|Note to the Teacher: This lesson plan is compatible with any grade, but seems to work best with middle school students. It may be used in Earth Science, Chemistry, Social Studies, History, Ethics, Geography or Economics classes.|
SUBTOPIC: History of Mineralogy
The Students are asked to:
1) construct the "five regular solids," which will be used to study the crystal system of minerals
Humans have always been fascinated with rocks and minerals. Diamonds, gold, silver and other precious minerals are a source of wealth and power. Part of the fascination comes from the order contained in the crystalline structure of minerals.
Like many scientists, Johannes Kepler, when he discovered why there were only six planets, recognized order and symmetry among the planets. He followed the Copernican system and related geometry to his idea of the six planets and the knowledge of the ancients that there are only five solids whose sides are regular polygons.
Kepler conceived that the five solids were contained within each planetary sphere. For example, within Saturn's orbit was an inscribed cube, and within the cube was another sphere containing the orbit of Jupiter, as well as the tetrahedron. The tetrahedron (four equilateral triangles), cube (six squares), octahedron (eight eguilateral triangles), dodecahedron (twelve regular pentagons), and icosahedron (twenty equilateral triangles) are exemplified in the scheme.
Just as Kepler utilized geometry to bring order to
the planets, students will be able to see order and symmetry in the study
of minerals and rocks.
MATERIALS: CONSTRUCTION PAPER, SCISSORS, PENCIL, GLUE
1) Divide the class into groups of four to five students.
2) Give a pattern of the five solids to the students to trace onto a different color of construction paper. Include tabs along the edges of the triangles and pentagons which permit the sides of the figures to be joined.
3) Students are to glue the patterns together and label each.
4) Have students discuss what each shape represents.
The shapes will be used later to study the six crystal systems of minerals,
as well as to understand how Kepler used these symmetrical objects to design
the solar system.
MATERIALS: TEXTBOOKS, ENCYCLOPEDIAS, RESOURCES ON MINERALOGY
1) After the school librarian gives students a brief introduction to where they may find reference materials, the students should write a three to five page report on mineralogy and its history.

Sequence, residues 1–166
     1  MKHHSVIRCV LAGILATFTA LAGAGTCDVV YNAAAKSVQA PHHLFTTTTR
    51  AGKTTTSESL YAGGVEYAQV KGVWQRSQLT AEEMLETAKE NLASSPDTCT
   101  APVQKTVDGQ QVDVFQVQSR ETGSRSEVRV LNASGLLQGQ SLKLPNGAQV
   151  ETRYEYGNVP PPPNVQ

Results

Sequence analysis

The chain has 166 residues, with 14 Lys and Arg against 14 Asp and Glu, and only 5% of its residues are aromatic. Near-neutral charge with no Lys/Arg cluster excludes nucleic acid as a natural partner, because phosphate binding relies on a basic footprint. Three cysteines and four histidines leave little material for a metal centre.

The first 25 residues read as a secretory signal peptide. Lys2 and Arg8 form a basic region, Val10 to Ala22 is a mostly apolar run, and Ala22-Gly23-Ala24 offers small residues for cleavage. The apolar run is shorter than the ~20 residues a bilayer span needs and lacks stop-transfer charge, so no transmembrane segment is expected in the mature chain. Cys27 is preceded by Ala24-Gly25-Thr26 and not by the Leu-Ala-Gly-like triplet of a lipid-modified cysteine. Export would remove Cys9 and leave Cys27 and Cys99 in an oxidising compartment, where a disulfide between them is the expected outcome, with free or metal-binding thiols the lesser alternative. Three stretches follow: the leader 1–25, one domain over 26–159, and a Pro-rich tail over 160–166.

The report will cover the following items:
a) what mineralogy isNote: Assign each student a different mineral so as to included all common minerals. Chemical composition and chemical formula for each mineral may also be included.
MATERIALS: WORLD MAPS, COLORED PENCILS, MAGIC MARKERS, PENCILS, REPORTS FROM EXERCISE #2
Note: A history teacher may wish to conduct this lab.
1) Give each group of four students a blank world map.
2) Students are to label each continent and country (major countries are where the minerals are located).
3) Students will give the location of each of the minerals on the map using different colors (the teacher will compile data from the student reports in Activity #2 for student's use).
4) Construct a legend of the map.
5) For an additional class activity, each student
may place his or her individual mineral on the map.
MATERIALS: The film "The Music of the Spheres," from the Ascent of Man series (Bronowski).
Take a class period to view the film, and follow with
a class discussion.
MATERIALS: MINERALS, PENNY, NAIL, GLASS, STEEL FILE, EGG, CARTONS, STREAK PLATES, GOGGLES, GEOLOGY HAMMER, FIELD HARDNESS SCALE, PAPER, PENCIL, DENSITY KITS, MINERAL IDENTIFICATION MANUALS, SUCH AS THE GOLDEN GUIDE TO ROCKS AND MINERALS
1) Divide students into groups of four.
2) Review with them the procedure to follow in identifying the physical and chemical properties of minerals.
3) Students will record the physical and chemical properties and of minerals on a chart (found in any Earth Science lab manual).
4) Give each student 7 minerals to identify.
Bowen, Margarita. Empiricism and Geographical Thought: From Francis Bacon to Alexander Von Humboldt. Cambridge, MA: Cambridge UP, 1981.
Bronowski, Jacob. "The Ascent of Man." (Film Series)
Cohen, I. Bernard. Album of Science: From Leonardo to Lavoiser, 1450-1800. Scribner, 1980.
Cohen, I. Bernard. "Koestler on Kepler and the History of Man's Picture of the Universe." Scientific American 200 (1959).
Desautels, Paul E. Rocks and Minerals. Grosset and Dunlap.
Dietrich, R. V. and B. J. Skinner. Rocks and Rock Minerals. Wiley.
Geikie, A. The Founders of Geology. 2nd Ed. New York: Macmillan, 1905.
Frye, Keith. Modern Mineralogy. Prentice Hall.
Golden Guide to Rocks and Minerals.
Investigating Rocks: Recognizing Rock-Making Minerals. Filmstrip with cassette. EBE.
Koestler, Arthur. The Watershed: A Biography of Johannes Kepler. The Sleepwalkers, UP, 1960.
Mason, Anita. The World of Rocks and Minerals. Larousse.
Minerals. 16mm film. EBE. Part of the "Problem of Conservation Series."
Porter, Roy. The Making of Geology: Earth Science in Britain, 1660-1815. Cambridge, MA: Cambridge UP, 1977.
Rocks and Minerals. 16mm film. BFA.
Rocks and Their Minerals. 20 slides. SVE.
Rutherford, James. et al. Project
Physics. "Kepler's Celestial Music." Holt, Rinehart & Winston,